Newspaper article THE JOURNAL RECORD

Landsat Reveals Slow Economic Development Process

Newspaper article THE JOURNAL RECORD

Landsat Reveals Slow Economic Development Process

Article excerpt

One of the constants throughout the process was the Geosat Committee Inc., a Norman-based, non-profit organization "dedicated to the civilian use of satellite remote sensing technology for geological applications." In other words, the energy industry was involved. Big companies including Texaco, British Petroleum, Amoco, Arco, Mobil, Unocal and Shell.

Another constant was one of the dignitaries who attended that groundbreaking in 1983, a young congressman from Norman, U.S. Rep. Dave McCurdy, D-Okla.

McCurdy kept getting re-elected and kept gaining influence in Congress, and here comes EOSAT to central Oklahoma.

Coincidence? Luck?

Kreidler quotes golf great Gary Player: "Luck is the residue of diligence." Which brings us to the actual site of EOSAT's new ground station, that 3,000-square-foot building in a seeming "nowhereville" between Norman and Newcastle.

Kreidler had started the site quest in August 1990 in a search for raw land for construction of the ground station. Over the next several months, more than 100 locations were considered. None was quite right. The clock was ticking toward the scheduled launch of Landsat VI in July 1992, and he was instructed to find an existing building where EOSAT could set up shop.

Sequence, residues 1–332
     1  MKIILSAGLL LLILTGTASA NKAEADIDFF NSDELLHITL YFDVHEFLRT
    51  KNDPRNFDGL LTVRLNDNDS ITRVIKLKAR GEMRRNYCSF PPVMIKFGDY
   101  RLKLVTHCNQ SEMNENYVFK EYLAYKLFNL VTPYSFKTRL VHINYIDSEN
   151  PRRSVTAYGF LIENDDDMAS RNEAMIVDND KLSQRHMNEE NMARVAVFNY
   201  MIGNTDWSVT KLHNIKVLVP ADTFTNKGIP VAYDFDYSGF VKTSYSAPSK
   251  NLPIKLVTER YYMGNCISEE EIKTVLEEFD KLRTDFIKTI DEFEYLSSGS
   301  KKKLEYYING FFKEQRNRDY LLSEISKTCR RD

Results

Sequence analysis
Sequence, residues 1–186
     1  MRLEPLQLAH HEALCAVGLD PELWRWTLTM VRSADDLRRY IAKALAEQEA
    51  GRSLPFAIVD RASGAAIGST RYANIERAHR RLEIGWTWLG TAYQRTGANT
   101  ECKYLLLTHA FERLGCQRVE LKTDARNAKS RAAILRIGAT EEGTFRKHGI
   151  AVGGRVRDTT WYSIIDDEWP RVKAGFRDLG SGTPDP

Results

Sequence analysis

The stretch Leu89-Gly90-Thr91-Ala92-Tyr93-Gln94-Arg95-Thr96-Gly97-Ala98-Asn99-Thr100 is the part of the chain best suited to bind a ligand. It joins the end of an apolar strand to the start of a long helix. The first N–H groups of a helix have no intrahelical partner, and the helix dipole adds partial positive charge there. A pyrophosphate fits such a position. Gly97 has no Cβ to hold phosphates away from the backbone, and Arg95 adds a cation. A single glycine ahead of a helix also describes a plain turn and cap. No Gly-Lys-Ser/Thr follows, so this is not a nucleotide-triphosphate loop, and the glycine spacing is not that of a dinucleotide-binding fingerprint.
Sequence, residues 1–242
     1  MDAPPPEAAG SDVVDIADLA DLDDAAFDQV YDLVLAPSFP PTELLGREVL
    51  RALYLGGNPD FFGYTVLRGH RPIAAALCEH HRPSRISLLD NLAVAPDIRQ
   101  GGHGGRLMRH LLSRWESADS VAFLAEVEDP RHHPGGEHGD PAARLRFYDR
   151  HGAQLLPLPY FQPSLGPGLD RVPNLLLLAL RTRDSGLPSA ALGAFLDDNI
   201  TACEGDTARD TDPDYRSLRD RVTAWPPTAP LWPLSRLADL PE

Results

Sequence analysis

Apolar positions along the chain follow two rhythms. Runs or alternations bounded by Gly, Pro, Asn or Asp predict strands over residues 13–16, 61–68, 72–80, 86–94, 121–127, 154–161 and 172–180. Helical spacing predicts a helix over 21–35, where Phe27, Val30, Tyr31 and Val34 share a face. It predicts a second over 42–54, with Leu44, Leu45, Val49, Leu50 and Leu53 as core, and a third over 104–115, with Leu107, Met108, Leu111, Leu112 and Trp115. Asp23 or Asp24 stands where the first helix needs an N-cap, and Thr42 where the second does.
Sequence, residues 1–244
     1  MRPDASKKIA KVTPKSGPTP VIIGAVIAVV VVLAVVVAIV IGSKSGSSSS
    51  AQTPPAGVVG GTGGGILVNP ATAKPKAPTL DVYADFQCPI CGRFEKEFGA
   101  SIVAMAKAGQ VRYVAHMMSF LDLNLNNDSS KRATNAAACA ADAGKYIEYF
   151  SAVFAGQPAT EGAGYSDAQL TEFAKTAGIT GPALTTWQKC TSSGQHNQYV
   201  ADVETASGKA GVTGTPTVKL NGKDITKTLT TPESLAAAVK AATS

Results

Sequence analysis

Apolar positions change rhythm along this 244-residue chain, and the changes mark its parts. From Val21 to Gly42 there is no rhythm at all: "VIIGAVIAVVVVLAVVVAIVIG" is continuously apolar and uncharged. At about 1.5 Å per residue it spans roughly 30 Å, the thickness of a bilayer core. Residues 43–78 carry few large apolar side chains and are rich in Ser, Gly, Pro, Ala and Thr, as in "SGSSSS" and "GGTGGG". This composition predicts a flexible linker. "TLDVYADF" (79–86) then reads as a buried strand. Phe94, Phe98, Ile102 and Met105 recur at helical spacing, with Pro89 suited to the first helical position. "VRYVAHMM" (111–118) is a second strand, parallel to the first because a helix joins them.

One requirement unique to a computer-intensive satellite station is that there can be no electro-magnetic interference. Tests showed none of the available existing buildings would work.

After beating the odds for so long, would the real estate deal stand between Norman and EOSAT?

In a renewed search for raw land, Kreidler ventured further west on State Hwy. 9 than he had been before. And there it was, on the south side of the road.

"It was perfect. Just like a slam dunk," Kreidler said. "I couldn't believe there was a well-built, beautifully maintained brick building, close enough to Norman yet far enough away, close to the interstate, on a little hill so they could download information for a longer period each day. Just wild." Of course, it wasn't listed for sale. But Hunt Oil Co. of Dallas _ which had constructed the building about the same time ground was being broken for the station on Norman's old north base in 1983 _ had vacated the building in 1990.

It was for lease, but Kreidler put together the most important sale of his young real estate career.

Purchase price for the building and the 71 acres it sits on was not disclosed. The ground station is being called a $10 million project, and property acquisition costs are just a part of that.

About 1,000 square feet will be added to the building for a computer room, and a slab will be poured for installation of the 10-meter satellite dish.

EOSAT hopes to test its new station with Landsat IV and V before Landsat VI goes up a year from now.

Kreidler _ and a lot of other people _ hope EOSAT will stand out as an example of a community's commitment to attract the kind of business and industry that will lead Oklahoma into the future. …

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